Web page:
The Lazy Way to a Perfect Trading Diary

Boris Schlossberg

A few weeks ago my good friend Robbie Booker was in town – a capstone to his cross country tour visiting traders in US. It was a pleasure to spend an afternoon with him, to catch up on old gossip and to of course brainstorm – as we inevitably do whenever we get together – about the next big thing in the markets.

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I teased him mercilessly about being the Jack Kerouac of forex, but deep down I must admit that I was envious of his sense of adventure and his willingness to explore. Rob met with hundreds of traders along the way. I followed his trip avidly on Youtube, but one particular visit he made changed my trading forever.

One of Rob’s travelogue episodes is called the Meticulous Trader and it shows a guy who has cataloges every system and every trade he makes. The gentleman has a massive white board in his office and he writes down every single action that he makes in markets.

My own office is full of whiteboards, but until I saw that episode I never thought of using them to record my day to day activity in the market. I know that as traders we are supposed to keep diaries of all our activities -ideally in an Excel format – but how many of us have the discipline to do so?

For me writing notes and reconciling trades in Excel has all the appeal of being a Medieval scribe. No matter how many I times I tell myself to do it, I never do and never will. Whiteboards however are easy and fun. They are tactile. You can use different color markers to delineate your thoughts and you can write in big dramatic strokes the key points that you want to remember. At the end of the week when the whiteboard is full I simply take a snapshot with my Iphone and erase it. I am that lazy.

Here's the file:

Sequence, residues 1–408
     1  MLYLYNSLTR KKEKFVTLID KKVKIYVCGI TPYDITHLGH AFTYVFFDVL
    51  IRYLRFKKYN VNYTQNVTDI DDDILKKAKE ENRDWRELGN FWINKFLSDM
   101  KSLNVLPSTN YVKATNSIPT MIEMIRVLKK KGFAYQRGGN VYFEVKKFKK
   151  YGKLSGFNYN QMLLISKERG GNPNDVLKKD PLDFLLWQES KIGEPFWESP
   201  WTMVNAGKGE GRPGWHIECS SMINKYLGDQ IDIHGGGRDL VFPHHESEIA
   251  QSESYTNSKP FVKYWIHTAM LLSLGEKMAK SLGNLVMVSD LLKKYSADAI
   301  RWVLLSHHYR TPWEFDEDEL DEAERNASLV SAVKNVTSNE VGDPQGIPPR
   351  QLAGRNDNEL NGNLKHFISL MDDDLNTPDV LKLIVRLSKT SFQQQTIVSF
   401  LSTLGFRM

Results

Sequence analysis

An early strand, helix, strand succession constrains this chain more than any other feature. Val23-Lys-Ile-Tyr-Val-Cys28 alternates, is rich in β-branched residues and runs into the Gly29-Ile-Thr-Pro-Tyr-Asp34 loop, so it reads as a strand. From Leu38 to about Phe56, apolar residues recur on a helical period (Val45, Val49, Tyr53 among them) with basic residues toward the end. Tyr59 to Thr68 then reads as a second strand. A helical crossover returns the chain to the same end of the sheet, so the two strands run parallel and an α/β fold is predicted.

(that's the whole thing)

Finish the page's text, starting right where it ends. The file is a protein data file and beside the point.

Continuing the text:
Despite this rather haphazard approach to record keeping, the whiteboard has had a tremendous impact on my personal trading by allowing me to have birds eye view of all my market activity. As traders we inevitably tend to get obsessed with a single trade or a malfunctioning strategy and quickly lose all perspective. By allowing me to booth zero in and zoom out on my trading, the whiteboard has had a profound affect on my attitude, making me much less susceptible to the manic/depressive swings of the market.

As one of my subs in our daily trading webinars remarked this week, “You can’t manage what you can’t measure.” The whiteboard has turned out to be a very powerful management tool in my own trading journey. Next week I’ll share some of the lessons it taught me.